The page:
Adjusting payments, quality measures and programs like the hospital readmissions reduction effort for socioeconomic status of patients has been more controversial than it might seem on the surface. Some opponents feel that it amounts to admitting that it is okay if lower status patients get worse care. Providers and health plans believe not making such adjustments penalizing those who are treating higher numbers of these often more difficult to treat and higher morbidity patients. A study carried by Health Affairs suggests that at least in the case of Medicare Advantage star ratings, such adjustments would change rankings and potentially payment consequences. (HA Article) The authors looked at three quality measures–blood pressure control, diabetes control and cholesterol level control–and assessed whether taking a broad set of socioeconomic factors into account would significantly change the relative performance of MA plans. Demographic and socioeconomic variables included sex, age, dual eligibility, disability, neighborhood disadvantage (a proxy for income level) and rural/urban location. In 2012, 62% of MA enrollees included in the study had controlled blood pressure, 79% had controlled diabetes and 61% had controlled cholesterol. Compared to these group with a controlled disease status, those with uncontrolled conditions were more likely to be African-American, poor, disabled, living in a rural area or dually eligible.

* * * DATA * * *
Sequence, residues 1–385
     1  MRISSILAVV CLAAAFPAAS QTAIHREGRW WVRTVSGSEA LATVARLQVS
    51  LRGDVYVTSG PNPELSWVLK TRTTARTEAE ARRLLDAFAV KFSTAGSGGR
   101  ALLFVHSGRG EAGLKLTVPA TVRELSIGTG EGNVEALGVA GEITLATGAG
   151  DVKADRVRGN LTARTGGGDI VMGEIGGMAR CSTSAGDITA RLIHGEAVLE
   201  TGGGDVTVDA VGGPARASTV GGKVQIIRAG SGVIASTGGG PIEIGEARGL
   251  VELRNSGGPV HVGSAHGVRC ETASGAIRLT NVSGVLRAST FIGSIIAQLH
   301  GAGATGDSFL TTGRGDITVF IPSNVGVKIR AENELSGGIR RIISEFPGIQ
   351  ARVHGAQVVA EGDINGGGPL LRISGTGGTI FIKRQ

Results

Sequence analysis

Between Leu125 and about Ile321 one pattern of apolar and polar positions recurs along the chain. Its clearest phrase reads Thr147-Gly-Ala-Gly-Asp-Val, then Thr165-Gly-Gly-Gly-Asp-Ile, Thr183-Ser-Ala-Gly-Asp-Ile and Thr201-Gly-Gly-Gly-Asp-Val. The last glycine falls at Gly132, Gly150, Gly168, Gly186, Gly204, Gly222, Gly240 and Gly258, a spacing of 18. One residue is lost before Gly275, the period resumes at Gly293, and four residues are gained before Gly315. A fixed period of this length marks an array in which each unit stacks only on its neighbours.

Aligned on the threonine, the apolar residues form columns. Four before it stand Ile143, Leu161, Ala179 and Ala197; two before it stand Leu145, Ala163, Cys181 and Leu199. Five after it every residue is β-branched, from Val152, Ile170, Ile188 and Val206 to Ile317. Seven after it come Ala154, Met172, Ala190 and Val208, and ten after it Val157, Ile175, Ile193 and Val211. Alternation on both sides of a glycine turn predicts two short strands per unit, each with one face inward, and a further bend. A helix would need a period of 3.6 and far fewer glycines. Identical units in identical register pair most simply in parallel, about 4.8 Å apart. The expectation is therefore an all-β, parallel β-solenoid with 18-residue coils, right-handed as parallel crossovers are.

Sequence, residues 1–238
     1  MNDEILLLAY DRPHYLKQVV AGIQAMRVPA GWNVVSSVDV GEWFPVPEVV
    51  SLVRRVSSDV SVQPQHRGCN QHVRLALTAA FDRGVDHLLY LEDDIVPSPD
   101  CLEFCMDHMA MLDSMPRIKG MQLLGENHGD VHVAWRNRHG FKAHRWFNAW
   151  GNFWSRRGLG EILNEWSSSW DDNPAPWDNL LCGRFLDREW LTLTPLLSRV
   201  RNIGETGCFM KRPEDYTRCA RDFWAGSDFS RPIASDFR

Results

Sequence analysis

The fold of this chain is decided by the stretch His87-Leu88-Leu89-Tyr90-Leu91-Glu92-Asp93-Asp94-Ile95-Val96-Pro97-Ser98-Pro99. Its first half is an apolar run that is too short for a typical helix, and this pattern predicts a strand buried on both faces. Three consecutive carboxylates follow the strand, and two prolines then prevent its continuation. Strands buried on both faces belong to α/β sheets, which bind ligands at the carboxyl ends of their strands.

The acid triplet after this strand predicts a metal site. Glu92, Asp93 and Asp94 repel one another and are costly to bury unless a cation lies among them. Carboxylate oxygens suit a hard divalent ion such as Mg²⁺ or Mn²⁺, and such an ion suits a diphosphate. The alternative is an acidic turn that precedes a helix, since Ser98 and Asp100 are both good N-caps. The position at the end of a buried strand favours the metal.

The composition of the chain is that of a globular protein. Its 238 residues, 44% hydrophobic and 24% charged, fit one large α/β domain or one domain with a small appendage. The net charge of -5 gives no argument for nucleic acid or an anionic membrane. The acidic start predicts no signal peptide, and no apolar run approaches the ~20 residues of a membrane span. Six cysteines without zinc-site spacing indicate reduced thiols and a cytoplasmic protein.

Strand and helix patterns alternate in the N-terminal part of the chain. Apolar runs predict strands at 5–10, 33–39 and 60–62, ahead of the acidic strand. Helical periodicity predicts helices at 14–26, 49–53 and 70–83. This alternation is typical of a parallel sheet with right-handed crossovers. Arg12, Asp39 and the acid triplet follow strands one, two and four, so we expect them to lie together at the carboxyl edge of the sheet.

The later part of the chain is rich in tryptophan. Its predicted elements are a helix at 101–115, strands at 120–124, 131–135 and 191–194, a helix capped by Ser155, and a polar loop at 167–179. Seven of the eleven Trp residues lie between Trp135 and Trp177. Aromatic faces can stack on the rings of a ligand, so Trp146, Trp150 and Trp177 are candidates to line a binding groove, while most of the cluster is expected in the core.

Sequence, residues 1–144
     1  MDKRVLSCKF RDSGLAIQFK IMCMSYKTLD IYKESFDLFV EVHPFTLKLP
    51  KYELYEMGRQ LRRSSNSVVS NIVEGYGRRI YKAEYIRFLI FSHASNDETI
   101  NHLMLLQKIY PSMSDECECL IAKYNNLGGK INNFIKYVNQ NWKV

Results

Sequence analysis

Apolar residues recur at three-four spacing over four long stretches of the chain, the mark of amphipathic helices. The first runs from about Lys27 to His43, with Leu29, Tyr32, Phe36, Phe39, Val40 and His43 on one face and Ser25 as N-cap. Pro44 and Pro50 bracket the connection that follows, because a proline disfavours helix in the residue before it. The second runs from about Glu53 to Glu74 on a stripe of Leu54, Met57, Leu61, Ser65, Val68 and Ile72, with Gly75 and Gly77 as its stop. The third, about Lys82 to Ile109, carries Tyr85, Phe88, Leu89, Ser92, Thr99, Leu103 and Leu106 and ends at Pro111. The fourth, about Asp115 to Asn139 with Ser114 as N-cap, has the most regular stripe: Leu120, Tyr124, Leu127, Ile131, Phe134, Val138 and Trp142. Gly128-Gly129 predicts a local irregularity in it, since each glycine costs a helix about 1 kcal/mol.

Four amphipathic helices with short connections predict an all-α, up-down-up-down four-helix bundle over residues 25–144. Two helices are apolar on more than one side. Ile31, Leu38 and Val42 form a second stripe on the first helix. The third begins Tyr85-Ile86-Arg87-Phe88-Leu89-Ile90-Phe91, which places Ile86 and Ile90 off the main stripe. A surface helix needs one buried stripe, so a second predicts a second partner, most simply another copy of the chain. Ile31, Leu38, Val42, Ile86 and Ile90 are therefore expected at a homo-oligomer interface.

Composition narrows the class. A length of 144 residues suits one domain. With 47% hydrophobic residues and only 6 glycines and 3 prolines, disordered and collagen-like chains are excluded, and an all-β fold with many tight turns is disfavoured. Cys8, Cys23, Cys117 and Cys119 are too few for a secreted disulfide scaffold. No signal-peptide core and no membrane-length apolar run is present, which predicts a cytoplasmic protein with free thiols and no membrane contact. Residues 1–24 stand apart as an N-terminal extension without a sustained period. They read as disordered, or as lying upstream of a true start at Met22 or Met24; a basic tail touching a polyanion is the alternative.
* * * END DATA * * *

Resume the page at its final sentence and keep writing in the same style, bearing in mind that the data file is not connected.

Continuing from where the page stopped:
Adjusting for the tested factors raised scores 2.1 percentage points for blood pressure, 4.1% for diabetes and 4.2% for cholesterol. If MA plans were divided into quintiles for scores on quality measures, the socioeconomic adjustment would significantly shift rankings for each of the quality measures. Those plans that rose in the rankings had more of the most disadvantaged members. Those that declined had fewer. Since these quintile rankings are tied to payment bonuses, this is very meaningful to plans. And getting paid more means that plans with more disadvantaged enrollees have more resources to focus on improving health. For 2017, CMS took a minor step of adding an adjustment for the proportion of dual eligibles and disabled beneficiaries served by an MA plan, but that likely doesn’t fix the broader issue. The Health Affairs and other research suggests it is pretty obvious that more needs to be done to level the playing field on quality and payment methods by ensuring that socioeconomic factors are more fully taken into account.